I'm having trouble as to what you call two words that contradict each other. For example, "That was weirdly normal." I think this kind of word play is used in puns and jokes. But I do not know how you call this king of word play. Also, I think this can go beyond just using two words, like two phrases in a sentence or two clauses in a sentence that contradict each other.

My questions are: How do you call this kind of weird play? Is this type of word play used in Jokes(Well, I think it is but I'm asking you guys)? Lastly, can you give me examples of this kind of word play?

  • 'Irony' or 'paradox' are two words that spring to mind. Irony comes in a variety of forms, but all of them involve apparent contradiction in some way. For example, I might say 'I feel too unwell for work today, and the irony is that, for once, I was actually looking forward to going'.Or it could mean the use of language which is actually stating the opposite of what you mean. e.g I might say to someone who is perpetually late, 'I note that you were your usual prompt self this morning, George'. This latter is also called sarcasm, but it is a form of irony.
    – user52780
    Commented Sep 30, 2013 at 20:48
  • john Wilson Paradox means two things which one would suppose were contradictory, but for some strange reason are not in this instance. e.g. It seemed highly paradoxical that such an intelligent person could not add two simple numbers together.
    – user52780
    Commented Sep 30, 2013 at 20:52

2 Answers 2


'Oxymoron' is probably the word you want.

a combination of words that have opposite or very different meanings


  • en.wikipedia.org/wiki/Oxymoron
    – iterums
    Commented Sep 30, 2013 at 20:51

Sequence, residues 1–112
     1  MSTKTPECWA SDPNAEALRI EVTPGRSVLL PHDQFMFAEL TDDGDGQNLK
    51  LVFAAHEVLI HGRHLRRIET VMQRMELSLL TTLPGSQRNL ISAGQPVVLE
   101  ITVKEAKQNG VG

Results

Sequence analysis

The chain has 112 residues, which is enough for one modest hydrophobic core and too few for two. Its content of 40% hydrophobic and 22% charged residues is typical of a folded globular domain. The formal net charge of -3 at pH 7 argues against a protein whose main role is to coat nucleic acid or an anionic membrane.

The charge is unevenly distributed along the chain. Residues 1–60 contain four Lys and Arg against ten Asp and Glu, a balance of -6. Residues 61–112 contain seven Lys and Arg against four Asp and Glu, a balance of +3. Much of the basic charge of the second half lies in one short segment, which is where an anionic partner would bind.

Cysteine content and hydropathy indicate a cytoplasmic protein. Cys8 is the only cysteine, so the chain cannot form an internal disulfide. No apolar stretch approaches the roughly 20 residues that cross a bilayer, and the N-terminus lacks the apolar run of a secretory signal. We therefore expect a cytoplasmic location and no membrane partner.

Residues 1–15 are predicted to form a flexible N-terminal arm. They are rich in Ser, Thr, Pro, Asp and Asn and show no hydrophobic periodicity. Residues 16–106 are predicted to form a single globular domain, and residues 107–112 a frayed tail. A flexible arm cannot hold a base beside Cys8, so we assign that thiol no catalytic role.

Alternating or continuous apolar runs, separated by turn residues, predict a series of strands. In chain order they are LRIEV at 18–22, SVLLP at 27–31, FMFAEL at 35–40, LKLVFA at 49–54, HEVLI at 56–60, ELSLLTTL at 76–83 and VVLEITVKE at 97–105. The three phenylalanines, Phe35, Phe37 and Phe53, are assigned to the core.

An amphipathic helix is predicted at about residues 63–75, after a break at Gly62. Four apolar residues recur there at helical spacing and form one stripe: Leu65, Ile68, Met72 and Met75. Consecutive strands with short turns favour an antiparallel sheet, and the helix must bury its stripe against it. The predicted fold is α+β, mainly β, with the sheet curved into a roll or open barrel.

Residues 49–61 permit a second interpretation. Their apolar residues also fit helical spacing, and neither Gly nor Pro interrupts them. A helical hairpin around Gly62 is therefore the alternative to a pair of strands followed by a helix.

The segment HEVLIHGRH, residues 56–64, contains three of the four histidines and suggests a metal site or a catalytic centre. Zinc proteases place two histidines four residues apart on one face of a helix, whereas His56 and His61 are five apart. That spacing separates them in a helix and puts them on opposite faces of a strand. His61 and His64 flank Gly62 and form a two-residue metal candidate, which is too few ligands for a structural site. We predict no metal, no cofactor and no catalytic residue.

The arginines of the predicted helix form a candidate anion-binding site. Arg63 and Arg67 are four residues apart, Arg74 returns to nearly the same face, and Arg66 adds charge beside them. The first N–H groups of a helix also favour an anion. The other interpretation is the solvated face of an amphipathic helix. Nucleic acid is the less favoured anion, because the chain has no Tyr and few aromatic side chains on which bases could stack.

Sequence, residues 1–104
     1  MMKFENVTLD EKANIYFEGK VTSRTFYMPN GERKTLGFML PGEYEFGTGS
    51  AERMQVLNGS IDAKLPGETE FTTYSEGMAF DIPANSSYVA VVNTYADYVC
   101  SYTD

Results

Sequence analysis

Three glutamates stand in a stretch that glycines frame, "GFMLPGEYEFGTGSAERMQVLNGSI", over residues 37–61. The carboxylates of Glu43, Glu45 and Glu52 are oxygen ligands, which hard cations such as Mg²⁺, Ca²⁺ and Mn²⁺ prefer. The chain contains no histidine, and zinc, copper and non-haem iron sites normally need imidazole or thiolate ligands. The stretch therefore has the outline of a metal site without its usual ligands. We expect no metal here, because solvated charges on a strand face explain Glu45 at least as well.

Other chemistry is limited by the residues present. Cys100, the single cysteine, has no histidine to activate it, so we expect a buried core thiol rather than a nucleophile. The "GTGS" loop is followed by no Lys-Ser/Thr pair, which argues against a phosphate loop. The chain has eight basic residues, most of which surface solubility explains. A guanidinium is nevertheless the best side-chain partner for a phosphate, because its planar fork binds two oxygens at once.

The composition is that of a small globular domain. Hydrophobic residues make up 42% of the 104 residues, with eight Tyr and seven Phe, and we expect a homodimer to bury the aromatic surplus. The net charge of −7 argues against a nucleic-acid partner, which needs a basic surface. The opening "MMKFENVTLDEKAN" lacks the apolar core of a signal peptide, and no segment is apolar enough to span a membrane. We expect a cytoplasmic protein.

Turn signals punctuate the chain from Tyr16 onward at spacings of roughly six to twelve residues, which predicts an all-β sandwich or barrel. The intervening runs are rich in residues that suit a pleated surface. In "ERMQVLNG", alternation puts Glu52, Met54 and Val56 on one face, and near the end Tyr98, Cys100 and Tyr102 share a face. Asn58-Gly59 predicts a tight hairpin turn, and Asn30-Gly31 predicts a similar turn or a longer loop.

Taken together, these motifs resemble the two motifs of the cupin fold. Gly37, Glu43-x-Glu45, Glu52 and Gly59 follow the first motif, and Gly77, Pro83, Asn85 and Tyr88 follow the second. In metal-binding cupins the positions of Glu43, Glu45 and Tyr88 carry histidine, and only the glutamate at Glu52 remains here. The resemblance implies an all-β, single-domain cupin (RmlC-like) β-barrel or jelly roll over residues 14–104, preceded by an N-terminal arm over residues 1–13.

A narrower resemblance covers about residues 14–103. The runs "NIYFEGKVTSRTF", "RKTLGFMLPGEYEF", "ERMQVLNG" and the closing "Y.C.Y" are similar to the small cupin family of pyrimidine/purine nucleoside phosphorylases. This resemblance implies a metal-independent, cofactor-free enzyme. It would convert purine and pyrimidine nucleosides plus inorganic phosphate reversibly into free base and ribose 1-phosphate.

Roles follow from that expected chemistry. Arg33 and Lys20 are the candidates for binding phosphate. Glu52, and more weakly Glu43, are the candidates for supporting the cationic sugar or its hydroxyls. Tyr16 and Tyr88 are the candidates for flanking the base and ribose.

• 1
    Thanks Barrie England that's the word I was looking for, and thanks iterums for the wiki link; it has good examples. Commented Sep 30, 2013 at 20:56
  • 1
    See also: Army Intelligence
    – user53089
    Commented Oct 1, 2013 at 1:45
  • I think there might be a more specific rhetorical term for using an oxymoron in this way, but I couldn't find it. Commented Feb 19, 2014 at 23:13
  • The usual definition of paradox / oxymoron is an apparent contradiction, licensed when analysed more carefully. The term oxymoron is reserved for a succinct version. A true contradiction in terms is just a 'contradiction in terms'. Commented May 13, 2016 at 8:15

A paradox is when two opposites-- contradictions--are in a sentence, but are not side by side. They are statements that may be true, but are self-contradictory and unusual to happen at the same time e.g.You can "save" money by "spending" it.

An oxymoron is just like a paradox; however, the two opposites are side by side e.g. This is a "love-hate" relationship.

So, since your two opposites are side by side, "oxymoron" is correct, as mentioned before.

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